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When couples who are not married or in a civil partnership separate, the most common issues which arise relate to occupation and ownership of the family home, childcare arrangements, and the parties’ financial obligations and responsibilities towards each other and the children of the family.
As there is no single piece of legislation which deals with relationship breakdown, it can be very confusing for people to know and understand their rights and responsibilities. Couples who are not married or in a civil partnership do not have the same rights as those who are married or in a civil partnership. The concept of a “common law” spouse is a myth.
If you are separated from your partner to whom you are not married or in a civil relationship, you do not have to take any legal action to separate; you can simply separate. If you have assets though, you may wish to consider having a formal agreement setting out how you have agreed to divide those assets. This formal agreement is called a Separation Agreement. Such agreements typically include terms about who will live in the family home, how and when the equity in the family home will be divided and how other assets will be divided, such as bank accounts, holiday homes, other properties etc. It is always best to try to reach an agreement directly with your partner. However, if this is not a realistic option, you can jointly instruct a mediator to assist you (assuming there is no domestic abuse). If mediation does not work, you can instruct solicitors.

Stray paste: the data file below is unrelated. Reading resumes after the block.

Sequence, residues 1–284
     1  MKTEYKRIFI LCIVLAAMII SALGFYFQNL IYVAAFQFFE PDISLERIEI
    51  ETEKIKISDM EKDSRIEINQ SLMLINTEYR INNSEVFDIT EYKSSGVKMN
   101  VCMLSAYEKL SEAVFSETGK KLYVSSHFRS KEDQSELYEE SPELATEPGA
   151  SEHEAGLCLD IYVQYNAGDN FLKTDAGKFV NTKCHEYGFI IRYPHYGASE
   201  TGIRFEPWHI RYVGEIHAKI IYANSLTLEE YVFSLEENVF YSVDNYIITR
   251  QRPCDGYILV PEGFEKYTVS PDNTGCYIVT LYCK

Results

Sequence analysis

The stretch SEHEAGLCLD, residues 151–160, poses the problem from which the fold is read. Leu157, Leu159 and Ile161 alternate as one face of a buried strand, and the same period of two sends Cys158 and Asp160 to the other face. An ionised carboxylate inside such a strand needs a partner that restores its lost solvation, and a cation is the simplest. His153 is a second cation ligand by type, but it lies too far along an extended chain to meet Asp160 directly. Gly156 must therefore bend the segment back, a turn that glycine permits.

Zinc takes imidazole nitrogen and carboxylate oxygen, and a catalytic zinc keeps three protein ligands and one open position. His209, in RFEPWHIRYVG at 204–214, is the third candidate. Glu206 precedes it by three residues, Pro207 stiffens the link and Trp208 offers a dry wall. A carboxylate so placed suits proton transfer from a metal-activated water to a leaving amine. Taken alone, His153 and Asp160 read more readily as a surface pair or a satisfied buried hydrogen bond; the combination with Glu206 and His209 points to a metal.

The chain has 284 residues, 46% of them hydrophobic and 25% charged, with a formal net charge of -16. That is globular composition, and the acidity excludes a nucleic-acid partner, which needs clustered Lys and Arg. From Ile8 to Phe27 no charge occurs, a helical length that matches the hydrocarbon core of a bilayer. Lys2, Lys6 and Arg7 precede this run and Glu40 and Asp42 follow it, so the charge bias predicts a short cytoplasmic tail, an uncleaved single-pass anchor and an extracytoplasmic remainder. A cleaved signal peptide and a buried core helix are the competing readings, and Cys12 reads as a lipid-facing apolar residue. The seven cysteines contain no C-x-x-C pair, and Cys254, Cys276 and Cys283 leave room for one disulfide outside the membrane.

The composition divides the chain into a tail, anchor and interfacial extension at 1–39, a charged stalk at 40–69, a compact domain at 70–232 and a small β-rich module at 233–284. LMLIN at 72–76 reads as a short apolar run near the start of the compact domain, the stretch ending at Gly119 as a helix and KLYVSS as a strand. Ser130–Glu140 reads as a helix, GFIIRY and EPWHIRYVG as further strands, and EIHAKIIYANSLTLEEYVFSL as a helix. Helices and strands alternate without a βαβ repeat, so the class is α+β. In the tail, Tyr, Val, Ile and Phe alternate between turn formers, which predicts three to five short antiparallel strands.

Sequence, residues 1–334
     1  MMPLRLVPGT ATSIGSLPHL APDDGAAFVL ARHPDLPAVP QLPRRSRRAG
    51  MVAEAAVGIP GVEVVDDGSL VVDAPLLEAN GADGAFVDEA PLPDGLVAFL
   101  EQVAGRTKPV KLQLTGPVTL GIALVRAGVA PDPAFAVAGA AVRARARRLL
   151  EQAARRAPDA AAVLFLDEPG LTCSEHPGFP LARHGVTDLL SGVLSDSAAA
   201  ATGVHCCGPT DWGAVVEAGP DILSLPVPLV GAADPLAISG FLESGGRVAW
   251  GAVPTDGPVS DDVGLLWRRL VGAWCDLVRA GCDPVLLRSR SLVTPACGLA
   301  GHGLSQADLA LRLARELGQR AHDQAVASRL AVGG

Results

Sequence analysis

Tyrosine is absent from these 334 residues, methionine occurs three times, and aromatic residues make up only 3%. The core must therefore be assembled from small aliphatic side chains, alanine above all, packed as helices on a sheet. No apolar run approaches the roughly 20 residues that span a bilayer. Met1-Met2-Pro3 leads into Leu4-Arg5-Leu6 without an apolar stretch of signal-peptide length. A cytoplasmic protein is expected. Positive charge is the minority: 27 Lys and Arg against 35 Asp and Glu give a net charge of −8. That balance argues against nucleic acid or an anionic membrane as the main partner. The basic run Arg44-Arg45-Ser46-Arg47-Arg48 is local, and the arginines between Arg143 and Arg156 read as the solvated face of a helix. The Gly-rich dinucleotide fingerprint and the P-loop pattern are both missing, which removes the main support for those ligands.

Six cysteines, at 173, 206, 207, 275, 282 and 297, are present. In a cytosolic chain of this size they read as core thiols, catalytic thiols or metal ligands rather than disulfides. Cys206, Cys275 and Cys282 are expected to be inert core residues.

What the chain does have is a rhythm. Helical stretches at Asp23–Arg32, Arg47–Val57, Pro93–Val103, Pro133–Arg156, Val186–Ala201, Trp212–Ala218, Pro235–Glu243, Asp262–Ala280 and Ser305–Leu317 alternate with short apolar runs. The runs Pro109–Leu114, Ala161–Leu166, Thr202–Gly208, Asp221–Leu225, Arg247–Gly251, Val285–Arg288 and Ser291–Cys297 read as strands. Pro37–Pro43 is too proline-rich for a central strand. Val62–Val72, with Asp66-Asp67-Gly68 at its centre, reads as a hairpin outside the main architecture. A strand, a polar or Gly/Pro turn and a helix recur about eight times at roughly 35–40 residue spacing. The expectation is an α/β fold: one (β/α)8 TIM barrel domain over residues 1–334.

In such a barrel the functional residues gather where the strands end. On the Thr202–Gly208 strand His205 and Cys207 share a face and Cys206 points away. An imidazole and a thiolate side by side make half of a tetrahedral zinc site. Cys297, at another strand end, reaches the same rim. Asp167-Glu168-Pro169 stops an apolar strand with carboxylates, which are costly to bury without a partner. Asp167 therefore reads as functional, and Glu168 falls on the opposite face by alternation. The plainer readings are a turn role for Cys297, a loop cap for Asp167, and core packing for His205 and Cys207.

If agreement is simply not possible, either of you can issue court proceedings in the Civil Court under ToLATA. However, the court’s powers are limited to determining your respective shares in a property and ordering a sale of the property. The court does not have the power to order a transfer of property. ToLATA proceedings are lengthy and expensive and often result in competing claims being made under Schedule 1 of the Children Act 1989 which complicates matters further.
If you and your former partner jointly own the family home, you both have the right to occupy that property. You cannot exclude each other from it unless you obtain a Court Order. These orders are usually obtained by one partner against the other in the event of domestic abuse. If you are not the sole or joint owner of the family home, you may have very limited rights to occupy the family home and may well have to establish a financial interest in it to secure the right to occupy it.
In most cases there is no legal obligation to financially support your former partner on separation. Child maintenance, if not agreed between you, is dealt with by the Child Maintenance Service. In some circumstances though you may be able to apply to the court for financial support for yourself and the children of the family.
The number of couples choosing to live together without marrying or entering a civil partnership has dramatically increased in recent years however, it is still a common public misconception that those couples have the same rights as couples who are married or in a civil partnership. They do not. This area of law is very complex, so it is always best to obtain legal advice before or shortly after a separation. The right legal advice can often help you understand your position better, which leads to more constructive discussions with your partner thereby increasing the possibility of reaching an out-of-court settlement.